Such was me at the Seminar.  In the zeal to justify my existence to a crowd that gives up their Saturday to learn something that might help ABATE, I suffered a case of hoof and mouth disease.  Or kindly putting an inappropriate sense of humor.  We have an ointment for that in Wayne County. But to no avail as I offended those that I would never intentionally offend – police officer wives.  They are the ones that have suffered in silence lately – painfully watching and hearing news reports condemning police officers.  A lot of reporters have the “lumping disease” – lumping in bad cops with the good cops.  As we all know, most officers are wonderful public servants that we could not do without, but lately the news seems to concentrate on the bad cops who number very few. If you are not careful you can come away with a sense that most officers are in the public’s sights.  This is so ironic as my beloved first cousin John Higginson was the longest serving Illinois State trooper at the time he retired and never had to draw his revolver.  I revere his service.

Police Chief Gary Smith of the Hancock County Police Department and his dear wife Laurie Smith were in attendance at the Seminar.  Now the Chief can take a dose of my off the mark humor, but I have learned that you should never expect to get by with that with a police officer’s wife.  Laurie was rightfully offended at the attempts of inappropriate humor.  I called the Chief and requested that he extend my sincerest apology to Laurie with a promise to remember what we all know to be true – that we could not do without police officers like her husband and that they deserve our utmost respect.

THIS MEMORIAL DAY; LEST WE FORGET –  D-DAY JUNE 6, 1944 – PLACES TO RIDE BEFORE YOU DIE: OMAHA BEACH -DOG GREEN SECTOR

On my way over to ride the Pyrenees Mountains, I stopped and paid my respects to those that died on Omaha Beach in Normandy. If you ever get the chance to go, take it and ride there.   You will never forget.  On June 6th, 1944, Company A of the 116th Regiment (Stonewall’s old Brigade) was to hit the beach at Dog Green Sector in a Higgins Boat (Made in Evansville, IN).  That sector was not a good place to be.  All 69 of them in that boat were from Bedford Virginia (a wonderful place to ride to ride in the Shenandoah Valley).  

Unlike many of the units that hit the shores of Normandy on D-Day, Company A of the 116th InfantryRegiment, 29th Division, was a National Guard outfit of men from the same hometown. Thirty-seven had grown up together in Bedford, Va., graduated high school together, played ball together, worked together — and 19 of them died together when the Higgins ramp  dropped and exposed all of them to German MG 42 machine guns. At 1500 rounds per minute, the boys from Bedford didn’t have a chance. The MG 42 sounds like a chainsaw when it is fired – probably the most dreaded sound at Omaha Beach. So distinctively terrifying was this machine gun that the Army developed training films to help our troops deal with the psychological trauma of facing this weapon.  It made a sound like ripping cloth.  Our boys called it, crudely, Hilter’s zipper.  Sadly, I am pretty sure our boys knew what they were in for when the ramp on that boat dropped.  The thought of dying for my county is ok with me, but dying before I even had a chance to shoot back is not.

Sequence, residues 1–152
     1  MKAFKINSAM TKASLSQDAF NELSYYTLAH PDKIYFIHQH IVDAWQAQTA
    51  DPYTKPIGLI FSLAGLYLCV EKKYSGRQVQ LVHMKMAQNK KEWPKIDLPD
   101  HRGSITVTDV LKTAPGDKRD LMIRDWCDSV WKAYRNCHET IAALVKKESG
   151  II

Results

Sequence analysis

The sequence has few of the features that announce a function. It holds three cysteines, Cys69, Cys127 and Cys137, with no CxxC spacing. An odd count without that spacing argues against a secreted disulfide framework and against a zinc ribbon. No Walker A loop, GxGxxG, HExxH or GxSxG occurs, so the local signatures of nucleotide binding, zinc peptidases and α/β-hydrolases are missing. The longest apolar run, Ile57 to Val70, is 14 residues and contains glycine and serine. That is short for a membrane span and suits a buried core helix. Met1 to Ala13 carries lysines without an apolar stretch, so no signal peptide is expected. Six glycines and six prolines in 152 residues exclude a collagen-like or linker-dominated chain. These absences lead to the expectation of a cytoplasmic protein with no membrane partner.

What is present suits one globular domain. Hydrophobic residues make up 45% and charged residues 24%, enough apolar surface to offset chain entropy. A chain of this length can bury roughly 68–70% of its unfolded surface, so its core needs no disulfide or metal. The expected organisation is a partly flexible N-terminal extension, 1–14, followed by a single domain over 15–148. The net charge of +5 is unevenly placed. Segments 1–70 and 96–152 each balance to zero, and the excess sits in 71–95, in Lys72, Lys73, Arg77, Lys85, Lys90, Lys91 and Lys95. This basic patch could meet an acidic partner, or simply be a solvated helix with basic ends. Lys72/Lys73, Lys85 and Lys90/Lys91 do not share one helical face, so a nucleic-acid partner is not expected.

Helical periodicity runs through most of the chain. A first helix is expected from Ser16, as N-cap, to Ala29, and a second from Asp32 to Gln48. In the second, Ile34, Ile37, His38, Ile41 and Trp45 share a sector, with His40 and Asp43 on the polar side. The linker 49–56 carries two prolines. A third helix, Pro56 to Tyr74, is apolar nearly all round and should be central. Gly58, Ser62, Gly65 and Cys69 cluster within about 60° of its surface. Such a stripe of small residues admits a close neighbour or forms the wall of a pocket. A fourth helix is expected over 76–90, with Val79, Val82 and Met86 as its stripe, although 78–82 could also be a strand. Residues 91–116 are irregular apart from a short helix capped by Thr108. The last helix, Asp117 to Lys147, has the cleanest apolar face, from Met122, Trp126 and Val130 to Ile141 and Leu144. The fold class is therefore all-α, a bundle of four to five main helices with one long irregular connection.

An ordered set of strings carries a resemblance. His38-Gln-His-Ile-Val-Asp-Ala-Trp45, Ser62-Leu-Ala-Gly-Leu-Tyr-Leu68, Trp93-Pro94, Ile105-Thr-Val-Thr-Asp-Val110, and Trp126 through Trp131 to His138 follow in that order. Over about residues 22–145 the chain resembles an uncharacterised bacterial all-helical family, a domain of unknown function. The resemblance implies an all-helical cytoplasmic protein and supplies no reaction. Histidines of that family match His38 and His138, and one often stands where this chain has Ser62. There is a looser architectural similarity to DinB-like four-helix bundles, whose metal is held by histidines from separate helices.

Western Union clerk Elizabeth Teass sat at a Teletype machine near the back of Green’s Drug Store in small town Bedford Virginia just after 8 a.m. on July 17, 1944, when the first telegram came through with the usual language, “The Secretary of war desires me to express his deep regret …” Teass was accustomed to receiving about one such telegram a week informing families in the Bedford area that their sons, brothers or husbands were missing or killed in action. That morning, she received 11.  And she would receive 9 more before it was over. D-Day was as bad as it could get for Bedford as it had just suffered the highest casualty rate of any town in America.

After I left the beach at Normandy, I had to visit the Colleville cemetery where the Bedford boys and many others are buried. It overlooks Omaha Beach and by any definition is a holy place. I couldn’t talk there – draw your own conclusions.  The gravestones are marked with the name and state of the fallen soldiers. Indiana, Illinois, Michigan, Missouri and Ohio are inscribed on too many.  Omaha Beach is a long way from home for those guys and I wondered how many of their folks were able to visit the graves before they, too, passed on.  It bothers me that most of their loved ones didn’t get the chance to pay their respects. I gathered some sand from the Dog Green sector.  I couldn’t help it. That sand sits in an hourglass on my desk to remind me and will to my end.